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[% WRAPPER layout.tt title="PatchELF" menu='patchelf' %]
<p>PatchELF is a small utility to modify the dynamic linker and <a
href="https://en.wikipedia.org/wiki/Rpath_%28linking%29">RPATH</a> of
<a
href="https://en.wikipedia.org/wiki/Executable_and_Linkable_Format">ELF
executables</a>.</p>
<section><h2>Description</h2>
<p>Dynamically linked ELF executables always specify a dynamic linker
or <em>interpreter</em>, which is a program that actually loads the
executable along with all its dynamically linked libraries. (The
kernel just loads the interpreter, not the executable.) For example,
on a Linux/x86 system the ELF interpreter is typically the file
<tt>/lib/ld-linux.so.2</tt>. It is sometimes necessary to use a
different ELF interpreter, say, when you want to test a version of
Glibc installed in a location other than <tt>/lib</tt>. And in the <a
href="nixpkgs">Nix Packages collection</a> we build our own
Glibc, which we obviously want to use. Building programs with a
different interpreter is a matter of using the linker flag
<tt>-dynamic-linker</tt>:</p>
<pre class="code">
gcc -Wl,-dynamic-linker,/my/lib/ld-linux.so.2 ...
</pre>
<p>However, this doesn’t work with third-party binaries (such as Adobe
Reader in Nixpkgs). This is where PatchELF comes in. You can simply
rewrite the executable:</p>
<pre class="code">
patchelf --set-interpreter /my/lib/my-ld-linux.so.2 program
</pre>
<p>This modifies the interpreter section of <tt>program</tt> to refer
to the specified file. This is not quite trivial because the path of
the new interpreter may be longer than the old one, in which case it
won’t fit. PatchELF takes care of “growing” the executable with
sufficient space at the beginning to contain the new interpreter
field. As a result, the resulting program may be one page (4 KiB)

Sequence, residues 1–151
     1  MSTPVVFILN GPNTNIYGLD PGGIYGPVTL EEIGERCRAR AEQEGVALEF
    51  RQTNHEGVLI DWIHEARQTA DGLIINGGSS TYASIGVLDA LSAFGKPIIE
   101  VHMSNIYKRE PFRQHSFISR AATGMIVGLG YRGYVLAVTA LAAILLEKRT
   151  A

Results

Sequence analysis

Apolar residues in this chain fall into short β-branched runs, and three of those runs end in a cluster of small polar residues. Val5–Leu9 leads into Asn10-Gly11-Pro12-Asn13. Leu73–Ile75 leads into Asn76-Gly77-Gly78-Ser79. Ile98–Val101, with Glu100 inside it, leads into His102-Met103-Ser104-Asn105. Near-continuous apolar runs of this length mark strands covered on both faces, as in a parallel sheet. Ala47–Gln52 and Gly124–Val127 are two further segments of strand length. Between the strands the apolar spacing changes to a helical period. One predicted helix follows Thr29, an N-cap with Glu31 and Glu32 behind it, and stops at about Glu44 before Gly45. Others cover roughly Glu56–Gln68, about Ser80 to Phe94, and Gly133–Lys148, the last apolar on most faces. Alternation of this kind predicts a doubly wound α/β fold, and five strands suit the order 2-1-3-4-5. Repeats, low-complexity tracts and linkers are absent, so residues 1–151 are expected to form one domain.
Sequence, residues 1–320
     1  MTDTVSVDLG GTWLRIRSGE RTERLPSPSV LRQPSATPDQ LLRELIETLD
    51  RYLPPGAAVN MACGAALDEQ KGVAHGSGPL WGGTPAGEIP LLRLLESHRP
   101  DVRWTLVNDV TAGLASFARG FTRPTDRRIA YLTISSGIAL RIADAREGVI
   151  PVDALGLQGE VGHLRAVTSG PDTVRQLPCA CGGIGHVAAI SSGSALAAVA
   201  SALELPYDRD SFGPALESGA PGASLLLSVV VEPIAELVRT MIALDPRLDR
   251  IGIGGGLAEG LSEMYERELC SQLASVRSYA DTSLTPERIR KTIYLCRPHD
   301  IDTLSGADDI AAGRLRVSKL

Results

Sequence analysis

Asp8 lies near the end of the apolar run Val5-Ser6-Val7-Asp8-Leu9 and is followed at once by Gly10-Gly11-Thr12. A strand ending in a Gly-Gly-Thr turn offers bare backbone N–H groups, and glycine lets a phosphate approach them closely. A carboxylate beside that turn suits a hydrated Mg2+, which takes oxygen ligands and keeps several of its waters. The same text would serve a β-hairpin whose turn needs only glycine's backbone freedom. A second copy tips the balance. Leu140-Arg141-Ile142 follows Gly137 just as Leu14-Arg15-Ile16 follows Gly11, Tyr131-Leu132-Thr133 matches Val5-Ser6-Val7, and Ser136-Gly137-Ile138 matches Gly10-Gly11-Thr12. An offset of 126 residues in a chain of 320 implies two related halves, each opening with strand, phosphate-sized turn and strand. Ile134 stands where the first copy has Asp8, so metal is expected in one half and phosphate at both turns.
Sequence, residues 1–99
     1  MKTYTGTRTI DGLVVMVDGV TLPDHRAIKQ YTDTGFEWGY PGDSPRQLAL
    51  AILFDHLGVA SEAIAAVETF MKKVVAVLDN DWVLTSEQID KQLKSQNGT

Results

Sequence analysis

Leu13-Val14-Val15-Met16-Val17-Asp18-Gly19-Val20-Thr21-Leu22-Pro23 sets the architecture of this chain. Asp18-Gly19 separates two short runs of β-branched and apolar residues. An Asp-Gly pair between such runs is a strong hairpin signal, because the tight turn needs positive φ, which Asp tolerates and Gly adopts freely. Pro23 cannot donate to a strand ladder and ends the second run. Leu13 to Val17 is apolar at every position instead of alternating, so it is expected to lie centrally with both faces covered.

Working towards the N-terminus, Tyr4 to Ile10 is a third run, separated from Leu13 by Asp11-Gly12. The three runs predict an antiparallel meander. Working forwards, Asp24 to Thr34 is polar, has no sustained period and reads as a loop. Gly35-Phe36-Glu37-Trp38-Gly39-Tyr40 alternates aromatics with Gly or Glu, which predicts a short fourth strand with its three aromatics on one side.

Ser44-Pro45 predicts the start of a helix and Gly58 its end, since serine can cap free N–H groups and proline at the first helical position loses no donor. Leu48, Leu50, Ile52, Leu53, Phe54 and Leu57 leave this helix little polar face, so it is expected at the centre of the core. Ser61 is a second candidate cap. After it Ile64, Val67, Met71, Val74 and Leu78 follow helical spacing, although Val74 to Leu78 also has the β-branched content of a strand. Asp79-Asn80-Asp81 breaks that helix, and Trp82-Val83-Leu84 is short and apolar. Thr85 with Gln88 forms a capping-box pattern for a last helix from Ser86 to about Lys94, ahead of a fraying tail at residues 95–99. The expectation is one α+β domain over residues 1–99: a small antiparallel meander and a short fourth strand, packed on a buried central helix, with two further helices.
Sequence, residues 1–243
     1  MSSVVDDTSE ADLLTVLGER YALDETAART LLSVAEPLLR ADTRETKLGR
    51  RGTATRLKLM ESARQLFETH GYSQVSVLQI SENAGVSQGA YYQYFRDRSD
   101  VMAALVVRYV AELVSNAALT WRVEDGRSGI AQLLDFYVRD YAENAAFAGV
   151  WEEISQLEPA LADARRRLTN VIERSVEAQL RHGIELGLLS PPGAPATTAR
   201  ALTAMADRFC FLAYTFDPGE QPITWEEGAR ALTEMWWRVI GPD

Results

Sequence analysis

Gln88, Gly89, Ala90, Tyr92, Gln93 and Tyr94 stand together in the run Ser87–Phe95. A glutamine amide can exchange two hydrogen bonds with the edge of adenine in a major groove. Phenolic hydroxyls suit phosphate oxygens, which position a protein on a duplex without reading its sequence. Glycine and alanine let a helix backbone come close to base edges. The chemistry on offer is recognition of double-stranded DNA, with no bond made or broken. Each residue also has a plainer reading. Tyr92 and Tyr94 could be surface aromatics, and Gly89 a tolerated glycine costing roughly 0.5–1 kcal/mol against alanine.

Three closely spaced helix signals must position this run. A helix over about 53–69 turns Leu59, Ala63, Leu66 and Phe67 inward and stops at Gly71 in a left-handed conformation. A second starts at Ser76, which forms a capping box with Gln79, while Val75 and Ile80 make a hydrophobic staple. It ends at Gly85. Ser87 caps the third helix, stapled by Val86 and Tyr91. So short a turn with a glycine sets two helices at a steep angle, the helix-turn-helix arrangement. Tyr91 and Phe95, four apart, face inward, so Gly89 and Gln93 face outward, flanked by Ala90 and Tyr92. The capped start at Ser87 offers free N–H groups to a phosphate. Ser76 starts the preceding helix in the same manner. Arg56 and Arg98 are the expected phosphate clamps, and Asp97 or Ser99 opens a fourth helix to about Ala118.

larger.</p>
<p>Likewise, you can change the <em>RPATH</em>, the linker search
path embedded into executables and dynamic libraries:</p>
<pre class="code">
patchelf --set-rpath /opt/my-libs/lib:/foo/lib program
</pre>
<p>This causes the dynamic linker to search in <tt>/opt/my-libs/lib</tt>
and <tt>/foo/lib</tt> for the shared libraries needed by
<tt>program</tt>. Of course, you could also set the environment
variable <tt>LD_LIBRARY_PATH</tt>, but that’s often inconvenient as it
requires a wrapper script to set up the environment.</p>
<p>Finally, it is possible to remove unused paths from the RPATH:</p>
<pre class="code">
patchelf --shrink-rpath program
</pre>
<p>A path is considered unused if none of the program’s library
dependencies can be found in that path. This is primarily useful in
the standard build environment of Nixpkgs, where it is used to get rid
of unnecessary runtime dependencies.</p>
</section>
<section><h2>Compatibility</h2>
<p>PatchELF has been tested on <tt>i386-linux</tt>,
<tt>x86_64-linux</tt> and <tt>powerpc-linux</tt>. It should
definitely work on all 32 or 64-bit, big or little-endian Linux
platforms. With minor modifications it should also work on other ELF
platforms.</p>
</section>
<section><h2>Download</h2>
<p>The most recent stable release is <a
href="https://nixos.org/releases/patchelf/patchelf-0.9/">PatchELF
0.9</a>.</p>
</section>
<section><h2>Unstable releases</h2>
<p>You can get the latest source code of PatchELF from its <a
href="https://github.com/NixOS/patchelf">Git
repository</a>. You can also download the <a
href="https://hydra.nixos.org/job/patchelf/trunk/release/latest#tabs-constituents">latest
pre-release</a>, or view a <a
href="https://hydra.nixos.org/job/patchelf/trunk/release#tabs-constituents">list of all
prereleases</a> built in our build farm.</p>
</section>
<section><h2>Bugs</h2>
<p>You can <strong>report bugs</strong> in the <a
href="https://github.com/NixOS/patchelf/issues">issue tracker</a>.</p>
</section>
[% END %]